Space-faring RPG Infinite Space brings a ton of unique content and depth to Nintendo's handheld, but a general lack of polish keeps it from living up to the potential to of its premise.
- Clever ship-building minigame
- Unique space combat
- Epic scale
- General lack of polish
- Slow start and unclear objectives
- Plenty of cut corners
It’s clear that Platinum Games is one of the most talented studios in the industry. Both MadWorld and Bayonetta were distinct, compelling games with their own quirky identities and boundary-pushing gameplay. Not surprisingly, the studio’s third game, Infinite Space, is just as unique. Like the previous two Platinum titles, Infinite Space is an interesting experiment. And although it’s only a partially successful endeavor, it has a lot of great ideas and a ton of content for a portable game.
Platinum in Space
Infinite Space puts the player in the jumpsuit of Yuri, a young man with dreams to leave his home planet so he can explore the reaches of space and learn the truth about a mysterious artifact he has inherited. Yuri and the other characters are little more than portraits in menus – the real stars of the game are the spaceships. Early on you’ll take control of your own ship, which you’ll upgrade with new modules, staff up with crew and, of course, helm in ship-to-ship battles.
Into the Universe
Said battles are simple but can be remarkably tense. Your available actions are governed by the command gauge, which fills over time. At first, you’re limited to dodges, normal attacks and barrage attacks, with additional options unlocked as you progress. Choosing a battle option depletes your command gauge, limiting your choices until it refills. A second meter indicates distance between you and your enemy, so most battles involve a mix of managing your attack types and adjusting the distance between you and your opponent. Unleashing your powerful barrage attack leaves you defenseless for a few moments, which can be quite nerve-wracking if your enemy has avoided your attack with a dodge and is ready with a barrage of his own.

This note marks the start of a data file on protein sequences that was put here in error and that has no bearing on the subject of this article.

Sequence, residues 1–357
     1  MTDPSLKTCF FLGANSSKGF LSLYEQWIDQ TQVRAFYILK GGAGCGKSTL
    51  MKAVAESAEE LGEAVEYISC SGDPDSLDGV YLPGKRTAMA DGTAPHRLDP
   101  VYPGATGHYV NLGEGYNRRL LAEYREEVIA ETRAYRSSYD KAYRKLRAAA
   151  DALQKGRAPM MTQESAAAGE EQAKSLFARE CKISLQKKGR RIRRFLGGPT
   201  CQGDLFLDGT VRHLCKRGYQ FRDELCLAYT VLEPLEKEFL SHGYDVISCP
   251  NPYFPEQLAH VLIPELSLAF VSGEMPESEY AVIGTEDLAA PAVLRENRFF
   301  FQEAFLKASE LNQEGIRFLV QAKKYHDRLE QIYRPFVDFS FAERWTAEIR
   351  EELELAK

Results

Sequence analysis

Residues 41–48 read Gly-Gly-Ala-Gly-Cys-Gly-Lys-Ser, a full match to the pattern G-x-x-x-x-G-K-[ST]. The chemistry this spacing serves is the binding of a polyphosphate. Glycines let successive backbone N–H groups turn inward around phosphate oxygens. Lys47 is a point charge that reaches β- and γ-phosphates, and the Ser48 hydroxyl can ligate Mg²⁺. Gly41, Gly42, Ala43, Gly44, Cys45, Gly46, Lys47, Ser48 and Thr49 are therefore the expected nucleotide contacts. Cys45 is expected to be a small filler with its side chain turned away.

Even a simple random encounter (of which there are many) can be deadly if you don’t know how to manage the flow of combat. Even so, it’s doubtful that many players will find it to be the most compelling aspect of gameplay. Infinite Space features surprisingly robust ship and fleet customization, and tinkering with the minutia of these options was easily my favorite part of the game. Every ship has physical space that can be filled with modules that affect every aspect of your ship’s performance, from armor and weapon damage to crew capacity and fatigue. Heck, you can even add an accounting office. Each module is a Tetris-like block, so you’ll not only have to think about your budget, but your ship’s physical layout. It’s a great little minigame that lends a real feeling of ownership over your spacecraft. As you advance through the game, you’ll earn more ships and expand your fleet. Eventually you’ll have a small armada of customizable vessels, and the dozens of crewmembers you encounter each have different effects when applied to various posts on your flagship. If you love fidgeting with RPG loadouts, you’ll love Infinite Space.
Problems with Propulsion
While Infinite Space does many things right, an overall lack of polish holds it back from RPG greatness. There isn’t any single glaring flaw, just a long series of cut corners and elements that feel missing that weigh down the overall experience. There’s no in-game tracking of your objectives, so if you forget which strangely-named planet you’re supposed to fly to, you’re out of luck and have to explore randomly until you stumble upon it. Die in a battle and there’s no restart -- you’ve got to reload your last game and do it all again. Visiting planets is nothing more than tapping through menus that seemed to be designed with little thought. If there are two conversation topics for a character, you’re kicked out of the discussion after choosing the first and have to re-select the character to talk about the other. Fail to explore all conversation options and you might miss a valuable crew member. These small eccentricities add up and cast an unfortunate rough-edged feel to what is otherwise a solid RPG.
The general lack of polish may turn off some gamers, but Infinite Space’s strengths outweigh its weaknesses. The customizable ships and fleet management are surprisingly habit-forming, and its unique combat mechanic is engaging despite its simplicity. It’s nothing like Bayonetta or MadWorld in genre, platform or aesthetic, but like those titles from Platinum Games, it’s certainly an acquired taste. That said, Infinite Space is certainly a role-playing experience that brings some intriguing new ideas to the table.